Study: Medicine For Treating Sleep Disorders Associated With Risk Of Overdose In Teenagers

According to a recent study, medicines that are used to treat sleep disorders are linked to a risk of overdose in teenagers. Read on. 

Navya Kharbanda
Written by: Navya KharbandaUpdated at: Nov 24, 2022 22:41 IST
Study: Medicine For Treating Sleep Disorders Associated With Risk Of Overdose In Teenagers

According to a study by Rutgers researchers, published in JAMA Network Open, teenagers and young adults who take medicines with benzodiazepines for the treatment of sleep disorders may be at an increased risk of overdose. Medications with benzodiazepines are often prescribed to treat anxiety and sleeplessness. The study analysed how young people with sleep disorders were having a drug overdose after starting a prescription medication for sleeping conditions.

According to the National Institute on Drug Abuse, there was a link of benzodiazepines in 12,290 overdose deaths in the year 2020, which increased from 6,872 in 2011 and 1,135 in 1999. But, the researchers found that the risks of drug overdose in young people, who were prescribed a benzodiazepine treatment for insomnia was still unclear.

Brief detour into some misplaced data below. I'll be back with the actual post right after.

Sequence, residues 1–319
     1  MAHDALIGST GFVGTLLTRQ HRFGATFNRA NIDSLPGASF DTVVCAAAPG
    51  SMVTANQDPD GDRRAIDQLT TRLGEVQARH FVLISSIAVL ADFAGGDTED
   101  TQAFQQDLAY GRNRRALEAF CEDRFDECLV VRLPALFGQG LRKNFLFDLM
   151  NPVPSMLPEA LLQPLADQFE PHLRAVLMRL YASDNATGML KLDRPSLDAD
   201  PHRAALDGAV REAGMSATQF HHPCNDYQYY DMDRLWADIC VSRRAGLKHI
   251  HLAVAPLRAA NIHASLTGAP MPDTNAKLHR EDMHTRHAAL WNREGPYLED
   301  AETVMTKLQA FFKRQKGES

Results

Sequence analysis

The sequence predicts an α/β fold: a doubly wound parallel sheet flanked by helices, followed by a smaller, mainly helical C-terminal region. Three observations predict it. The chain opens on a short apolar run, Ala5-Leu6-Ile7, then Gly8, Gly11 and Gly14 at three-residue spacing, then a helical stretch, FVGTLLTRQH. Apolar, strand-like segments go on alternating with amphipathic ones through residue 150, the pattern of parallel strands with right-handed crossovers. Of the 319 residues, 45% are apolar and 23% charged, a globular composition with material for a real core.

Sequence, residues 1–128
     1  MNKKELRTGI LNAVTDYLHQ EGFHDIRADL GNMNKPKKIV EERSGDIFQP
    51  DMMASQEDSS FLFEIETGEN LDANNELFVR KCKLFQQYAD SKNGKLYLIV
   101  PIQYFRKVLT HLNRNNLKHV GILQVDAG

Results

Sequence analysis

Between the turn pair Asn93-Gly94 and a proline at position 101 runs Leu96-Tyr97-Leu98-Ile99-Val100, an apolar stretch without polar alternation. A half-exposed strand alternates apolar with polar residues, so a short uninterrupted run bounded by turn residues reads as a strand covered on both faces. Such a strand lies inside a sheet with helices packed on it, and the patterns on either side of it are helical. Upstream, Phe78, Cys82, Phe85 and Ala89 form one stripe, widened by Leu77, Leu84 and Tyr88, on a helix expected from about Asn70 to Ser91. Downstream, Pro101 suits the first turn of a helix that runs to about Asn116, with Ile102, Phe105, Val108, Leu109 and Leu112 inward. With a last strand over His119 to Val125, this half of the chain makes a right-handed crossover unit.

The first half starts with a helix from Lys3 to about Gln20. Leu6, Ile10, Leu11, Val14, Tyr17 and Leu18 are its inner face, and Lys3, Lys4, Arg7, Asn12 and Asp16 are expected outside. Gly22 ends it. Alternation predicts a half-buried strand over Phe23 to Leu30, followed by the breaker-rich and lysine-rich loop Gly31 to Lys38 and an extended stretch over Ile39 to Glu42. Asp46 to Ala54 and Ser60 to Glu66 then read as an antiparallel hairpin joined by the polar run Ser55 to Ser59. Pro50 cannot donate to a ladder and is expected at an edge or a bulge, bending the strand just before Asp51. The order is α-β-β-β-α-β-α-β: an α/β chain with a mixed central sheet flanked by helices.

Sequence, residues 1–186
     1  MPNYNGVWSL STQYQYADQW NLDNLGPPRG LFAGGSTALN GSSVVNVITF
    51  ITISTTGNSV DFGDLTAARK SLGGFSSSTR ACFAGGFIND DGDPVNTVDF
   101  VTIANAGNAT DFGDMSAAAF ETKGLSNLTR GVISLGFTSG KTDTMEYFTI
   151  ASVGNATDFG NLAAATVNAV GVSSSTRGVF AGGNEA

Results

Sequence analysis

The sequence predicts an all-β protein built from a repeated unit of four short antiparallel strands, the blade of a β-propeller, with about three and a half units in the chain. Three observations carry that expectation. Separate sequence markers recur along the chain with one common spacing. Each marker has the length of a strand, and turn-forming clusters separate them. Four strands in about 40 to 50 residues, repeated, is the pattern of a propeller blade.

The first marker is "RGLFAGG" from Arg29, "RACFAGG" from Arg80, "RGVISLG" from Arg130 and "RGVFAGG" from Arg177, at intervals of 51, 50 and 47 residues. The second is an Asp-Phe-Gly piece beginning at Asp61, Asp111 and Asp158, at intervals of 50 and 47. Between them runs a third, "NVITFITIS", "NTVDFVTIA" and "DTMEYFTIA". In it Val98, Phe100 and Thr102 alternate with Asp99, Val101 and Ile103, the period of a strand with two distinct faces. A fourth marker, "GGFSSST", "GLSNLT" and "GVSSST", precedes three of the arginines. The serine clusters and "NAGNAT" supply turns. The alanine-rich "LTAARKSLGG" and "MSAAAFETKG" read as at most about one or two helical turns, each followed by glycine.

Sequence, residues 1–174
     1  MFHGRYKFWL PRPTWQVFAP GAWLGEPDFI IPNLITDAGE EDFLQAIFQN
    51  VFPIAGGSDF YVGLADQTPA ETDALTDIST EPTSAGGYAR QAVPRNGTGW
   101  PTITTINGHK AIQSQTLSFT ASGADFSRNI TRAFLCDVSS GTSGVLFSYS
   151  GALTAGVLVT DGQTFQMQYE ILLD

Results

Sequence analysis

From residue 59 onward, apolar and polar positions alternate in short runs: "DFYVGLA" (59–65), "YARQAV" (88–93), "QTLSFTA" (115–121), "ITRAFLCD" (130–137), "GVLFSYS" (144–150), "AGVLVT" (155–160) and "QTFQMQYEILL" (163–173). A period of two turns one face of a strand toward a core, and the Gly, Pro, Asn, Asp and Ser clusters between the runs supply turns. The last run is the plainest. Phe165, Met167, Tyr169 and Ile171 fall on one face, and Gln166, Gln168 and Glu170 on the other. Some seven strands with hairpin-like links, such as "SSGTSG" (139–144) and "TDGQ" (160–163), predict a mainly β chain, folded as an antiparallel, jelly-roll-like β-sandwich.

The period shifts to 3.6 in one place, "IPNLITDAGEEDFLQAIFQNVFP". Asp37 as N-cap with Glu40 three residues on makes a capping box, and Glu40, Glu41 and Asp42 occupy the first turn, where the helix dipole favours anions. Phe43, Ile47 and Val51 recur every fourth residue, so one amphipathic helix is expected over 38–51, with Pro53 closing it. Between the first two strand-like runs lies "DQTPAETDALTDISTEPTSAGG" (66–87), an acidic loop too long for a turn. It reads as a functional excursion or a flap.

As per the results, researchers found that young adults using benzodiazepines for common sleep disorders had a higher risk of overdose during the six months after starting treatment compared with other prescription sleep medications, including trazodone, hydroxyzine and z-hypnotics. The researchers also noted that the risk of overdose was highest in young adults who started treatment with benzodiazepines medicines and were prescribed an opioid recently.

Also read: 3 Types Of Sleeping Disorders And How To Cope With Them

Greta Bushnell, an author of the study and a faculty member at the Center for Pharmacoepidemiology and Treatment Sciences at the Rutgers Institute for Health, Health Care Policy and Aging Research (IFH), "The risk of drug overdose with benzodiazepine treatment is an important safety consideration when treating adolescents and young adults. We hope these results can inform prescribing decisions and encourage close monitoring in this young patient population."

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